Steve Obayi who left the country to climb the 29,029-foot mountain for the first time was in a second team of climbers when the incident took place.
According to the company that is sponsoring his climb, following the accident, he together with other climbers are now in the base camp as they await an advisory from the Nepalese government on the rescue efforts.
“Steve is safe with other climbers and he is together with the second group of climbers who are at Mt Everest. The first group of climbers consisted mostly of guides who had gone ahead and they were the ones caught up in the avalanche,” the Marketing Manager Brighter Monday, the company which sponsored Obayi stated.
13 people have died in what is being described as one of the deadliest accident ever on the world’s highest peak.
The victims were among a large party of Sherpas who left Everest base camp before dawn, carrying tents, food and ropes to prepare camps for foreign clients ahead of the main climbing season, which starts later this month.
The avalanche occurred early Friday at an altitude of about 5,800 metres.
Dozens of guides were on the move when a huge block of ice broke off from a hanging glacier, before splitting into smaller chunks and barrelling down into the icefall, one of the most dangerous areas on the route to ascend Everest.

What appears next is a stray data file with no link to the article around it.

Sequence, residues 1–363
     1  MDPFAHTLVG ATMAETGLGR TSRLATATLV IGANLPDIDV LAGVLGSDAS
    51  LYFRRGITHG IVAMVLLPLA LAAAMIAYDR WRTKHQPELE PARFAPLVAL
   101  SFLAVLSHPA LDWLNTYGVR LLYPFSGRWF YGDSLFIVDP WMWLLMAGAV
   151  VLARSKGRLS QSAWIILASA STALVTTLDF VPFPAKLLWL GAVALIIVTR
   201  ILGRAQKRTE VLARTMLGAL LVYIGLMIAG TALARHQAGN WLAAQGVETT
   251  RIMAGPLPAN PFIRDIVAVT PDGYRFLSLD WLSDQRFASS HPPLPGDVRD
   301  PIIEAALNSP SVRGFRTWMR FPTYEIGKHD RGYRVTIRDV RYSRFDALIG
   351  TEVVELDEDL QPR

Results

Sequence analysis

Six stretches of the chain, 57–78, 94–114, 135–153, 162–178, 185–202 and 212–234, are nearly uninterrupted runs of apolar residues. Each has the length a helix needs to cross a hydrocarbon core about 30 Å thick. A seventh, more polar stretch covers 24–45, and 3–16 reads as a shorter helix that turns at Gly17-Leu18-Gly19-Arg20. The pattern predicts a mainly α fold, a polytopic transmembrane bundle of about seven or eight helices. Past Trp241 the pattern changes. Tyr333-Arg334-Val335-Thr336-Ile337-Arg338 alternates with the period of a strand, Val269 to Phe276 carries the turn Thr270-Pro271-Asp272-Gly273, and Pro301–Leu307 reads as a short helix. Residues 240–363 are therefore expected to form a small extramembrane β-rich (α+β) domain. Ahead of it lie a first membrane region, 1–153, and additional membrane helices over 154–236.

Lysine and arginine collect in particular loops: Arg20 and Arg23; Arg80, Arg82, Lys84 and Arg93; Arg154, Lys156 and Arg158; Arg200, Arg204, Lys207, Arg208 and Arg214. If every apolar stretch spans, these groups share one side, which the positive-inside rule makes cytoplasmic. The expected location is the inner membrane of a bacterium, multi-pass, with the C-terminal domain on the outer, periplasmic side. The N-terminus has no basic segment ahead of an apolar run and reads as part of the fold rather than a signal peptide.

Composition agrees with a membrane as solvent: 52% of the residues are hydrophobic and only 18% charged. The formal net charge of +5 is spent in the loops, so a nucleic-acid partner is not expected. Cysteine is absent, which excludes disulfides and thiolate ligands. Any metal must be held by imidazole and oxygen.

The ice “tumbled for several thousand feet, resulting in debris that came further out into the icefall”, according an account by the International Mountain Guides climbing company, which has a team stationed on the peak.
More than 300 people, most of them local guides, have died on Everest since the first summit by Sir Edmund Hillary and Tenzing Norgay in 1953.
President of the Nepal Mountaineering Association, a national body representing tourism promoters Tshering Sherpa said guides’ families would receive life insurance payments amounting to $10,000.
The previous worst accident on Everest occurred in 1996 when eight people were killed during a storm while attempting to summit the mountain.
In the past, some accidents have been blamed on overcrowding or on ill-prepared foreign climbers taking unnecessary risks to reach the summit before returning home.